Talky Talk: He Sci-fied, She Sci-fied

The chapters alternate in third person between Aria and Perry's point of view, and I enjoyed getting both of their perspectives, especially as their relationship approached romantic territory. The pacing felt a little clunky at times, and none of the situations, dire as they were, felt intense enough to completely draw me in. Part of that might be due to all of the sci-fi/fantasy jargon. I mean, I love worldbuilding as much as the next gal, but if a paragraph contains more than two made-up words, it tends to pull me outside of the story instead of in. Don't get me wrong, this isn't written in Klingon, but I personally felt like Rossi spent too much time on lingo and not enough time on pacing and character development.

Bonus Factor: Worldbuilding

Even though I OD'ed on all of the terminology, I really did relish the worlds that Rossi created. From the genetic engineering and virtual fakery of the dome cities to the brutal tribes that clashed with each other amidst the formerly-known-as-Earth wasteland, the book provided a wonderful feast for the imagination.

Bonus Factor: The Realms

The Realms are basically like the holodeck on Star Trek, which means you can travel to all sorts of incredible places and different time periods without leaving the comfort of yr chair. This reminds me, WHERE IS MY HOLODECK?

Bonus Factor: The Aether

Since the planet's environment is totally destroyed, the sky is constantly full of swirling electricity known as the Aether. It's beautiful but incredibly dangerous, because this lightning doesn't strike twice... it strikes a bajillionce. THAT IS RAD.

Casting Call:

Lily Collins as Aria

Aria is a brunette genetically engineered to be beautiful, and I've always had the same suspicion about Lily Collins:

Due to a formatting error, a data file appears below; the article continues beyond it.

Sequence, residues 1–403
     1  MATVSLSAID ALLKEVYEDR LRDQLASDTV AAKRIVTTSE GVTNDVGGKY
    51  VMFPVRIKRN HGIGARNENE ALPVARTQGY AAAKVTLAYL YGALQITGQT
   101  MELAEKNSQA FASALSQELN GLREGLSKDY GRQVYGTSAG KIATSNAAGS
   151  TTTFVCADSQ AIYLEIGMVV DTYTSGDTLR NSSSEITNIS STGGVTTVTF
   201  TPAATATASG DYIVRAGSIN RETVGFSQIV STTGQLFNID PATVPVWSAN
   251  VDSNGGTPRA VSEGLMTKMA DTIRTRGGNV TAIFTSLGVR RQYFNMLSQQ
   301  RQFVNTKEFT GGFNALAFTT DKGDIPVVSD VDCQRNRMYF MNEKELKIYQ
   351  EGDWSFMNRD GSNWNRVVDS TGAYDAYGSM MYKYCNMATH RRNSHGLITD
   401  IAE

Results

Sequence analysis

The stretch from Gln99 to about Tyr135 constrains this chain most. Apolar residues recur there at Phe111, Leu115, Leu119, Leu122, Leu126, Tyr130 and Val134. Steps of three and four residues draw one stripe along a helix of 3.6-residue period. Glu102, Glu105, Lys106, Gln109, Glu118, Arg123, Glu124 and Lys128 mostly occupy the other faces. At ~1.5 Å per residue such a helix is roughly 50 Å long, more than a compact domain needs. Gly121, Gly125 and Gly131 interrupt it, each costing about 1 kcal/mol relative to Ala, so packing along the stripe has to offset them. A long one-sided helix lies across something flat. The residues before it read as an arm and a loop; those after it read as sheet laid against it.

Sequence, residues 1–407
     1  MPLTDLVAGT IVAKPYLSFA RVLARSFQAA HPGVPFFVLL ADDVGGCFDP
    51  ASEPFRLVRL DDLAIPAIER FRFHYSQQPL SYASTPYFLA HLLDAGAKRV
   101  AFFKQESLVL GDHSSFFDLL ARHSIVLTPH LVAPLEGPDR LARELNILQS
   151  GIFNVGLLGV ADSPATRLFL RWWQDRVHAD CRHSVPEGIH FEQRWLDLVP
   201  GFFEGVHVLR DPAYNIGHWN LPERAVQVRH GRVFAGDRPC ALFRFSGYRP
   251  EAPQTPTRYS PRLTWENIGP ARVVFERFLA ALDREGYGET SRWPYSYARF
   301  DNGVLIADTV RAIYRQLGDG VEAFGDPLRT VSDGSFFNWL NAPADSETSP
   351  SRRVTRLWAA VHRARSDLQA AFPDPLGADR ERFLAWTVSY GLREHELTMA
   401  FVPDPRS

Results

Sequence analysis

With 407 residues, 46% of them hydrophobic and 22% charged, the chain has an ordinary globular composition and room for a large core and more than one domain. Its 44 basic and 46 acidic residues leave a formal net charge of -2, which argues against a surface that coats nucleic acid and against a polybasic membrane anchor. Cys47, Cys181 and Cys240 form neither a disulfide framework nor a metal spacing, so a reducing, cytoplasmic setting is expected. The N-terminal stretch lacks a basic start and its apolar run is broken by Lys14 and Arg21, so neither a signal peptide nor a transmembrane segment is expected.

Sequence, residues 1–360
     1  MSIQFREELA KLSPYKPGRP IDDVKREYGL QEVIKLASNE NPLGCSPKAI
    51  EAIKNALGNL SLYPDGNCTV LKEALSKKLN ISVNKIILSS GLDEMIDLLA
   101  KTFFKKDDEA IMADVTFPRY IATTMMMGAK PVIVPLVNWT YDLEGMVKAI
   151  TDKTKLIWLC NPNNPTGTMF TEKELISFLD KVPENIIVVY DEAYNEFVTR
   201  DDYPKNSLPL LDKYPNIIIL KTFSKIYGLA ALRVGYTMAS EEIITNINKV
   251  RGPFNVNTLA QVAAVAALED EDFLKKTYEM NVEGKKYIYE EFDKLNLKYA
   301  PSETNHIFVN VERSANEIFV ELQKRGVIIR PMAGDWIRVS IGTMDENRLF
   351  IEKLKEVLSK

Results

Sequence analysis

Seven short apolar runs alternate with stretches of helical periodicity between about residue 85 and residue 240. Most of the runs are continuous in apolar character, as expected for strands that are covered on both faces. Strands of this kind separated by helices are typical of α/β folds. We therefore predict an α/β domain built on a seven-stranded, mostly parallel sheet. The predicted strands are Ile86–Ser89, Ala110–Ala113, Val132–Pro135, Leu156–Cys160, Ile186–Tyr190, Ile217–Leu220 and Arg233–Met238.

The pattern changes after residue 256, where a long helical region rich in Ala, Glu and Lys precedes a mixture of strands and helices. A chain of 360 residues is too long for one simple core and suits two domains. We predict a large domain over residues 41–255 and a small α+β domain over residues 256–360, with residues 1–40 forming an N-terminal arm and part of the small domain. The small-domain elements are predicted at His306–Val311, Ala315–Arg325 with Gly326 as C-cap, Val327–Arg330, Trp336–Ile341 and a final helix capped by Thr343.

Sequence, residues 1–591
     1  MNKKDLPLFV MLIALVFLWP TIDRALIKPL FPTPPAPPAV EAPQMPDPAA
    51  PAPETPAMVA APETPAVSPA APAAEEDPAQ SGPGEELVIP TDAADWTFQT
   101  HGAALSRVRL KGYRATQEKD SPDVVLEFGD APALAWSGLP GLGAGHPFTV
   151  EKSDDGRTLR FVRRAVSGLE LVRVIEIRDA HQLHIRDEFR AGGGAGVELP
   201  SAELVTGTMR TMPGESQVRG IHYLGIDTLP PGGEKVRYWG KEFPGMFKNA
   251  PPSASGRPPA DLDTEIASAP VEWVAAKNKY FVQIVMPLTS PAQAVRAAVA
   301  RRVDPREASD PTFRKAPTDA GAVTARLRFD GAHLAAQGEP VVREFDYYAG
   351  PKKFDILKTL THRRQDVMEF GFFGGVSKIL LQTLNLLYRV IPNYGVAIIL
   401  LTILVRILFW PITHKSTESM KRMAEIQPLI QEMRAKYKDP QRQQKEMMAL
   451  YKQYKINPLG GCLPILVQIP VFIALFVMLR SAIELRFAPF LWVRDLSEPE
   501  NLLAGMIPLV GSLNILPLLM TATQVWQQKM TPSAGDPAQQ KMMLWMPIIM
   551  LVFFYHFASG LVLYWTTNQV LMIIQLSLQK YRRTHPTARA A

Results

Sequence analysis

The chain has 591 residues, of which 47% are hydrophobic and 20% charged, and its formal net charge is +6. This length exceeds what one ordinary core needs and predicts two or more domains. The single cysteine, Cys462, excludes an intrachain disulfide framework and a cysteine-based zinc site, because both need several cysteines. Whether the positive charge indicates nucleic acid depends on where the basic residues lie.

Taylor Kitsch as Perry

Totally muscular? Intensely fierce? Carnally hot? I don't care that he's too old to play Perry, Taylor Kitsch FITS THE BILL.

Relationship Status: Camping Buddy

This book and I aren't close, but if I ever decide to go camping (and I mean real camping, not my usual Troop Beverly Hills style), I'm taking this book with me! It's tough and strong and knows how to survive (all qualities I lack), and when we gather around the campfire to drink beer and make s'mores, I have no doubt that it will keep me entertained for hours with its vivid, inventive stories. I won't be inviting it into my sleeping bag afterwards, but I'll definitely appreciate its company, especially when it distracts me from my mosquito bite by telling me the story about "Perry's ripped guns" for the fourth time in a row.

FTC Full Disclosure: I received an ARC copy from Harper Collins. I received neither money nor cocktails for this review (dammit!). Under The Never Sky is available now.

Posh Deluxe's photo About the Author: Sarah lives in Austin, TX, where she programs films at the Alamo Drafthouse. Sarah enjoys fancy cocktails, dance parties and anything that sparkles (except vampires).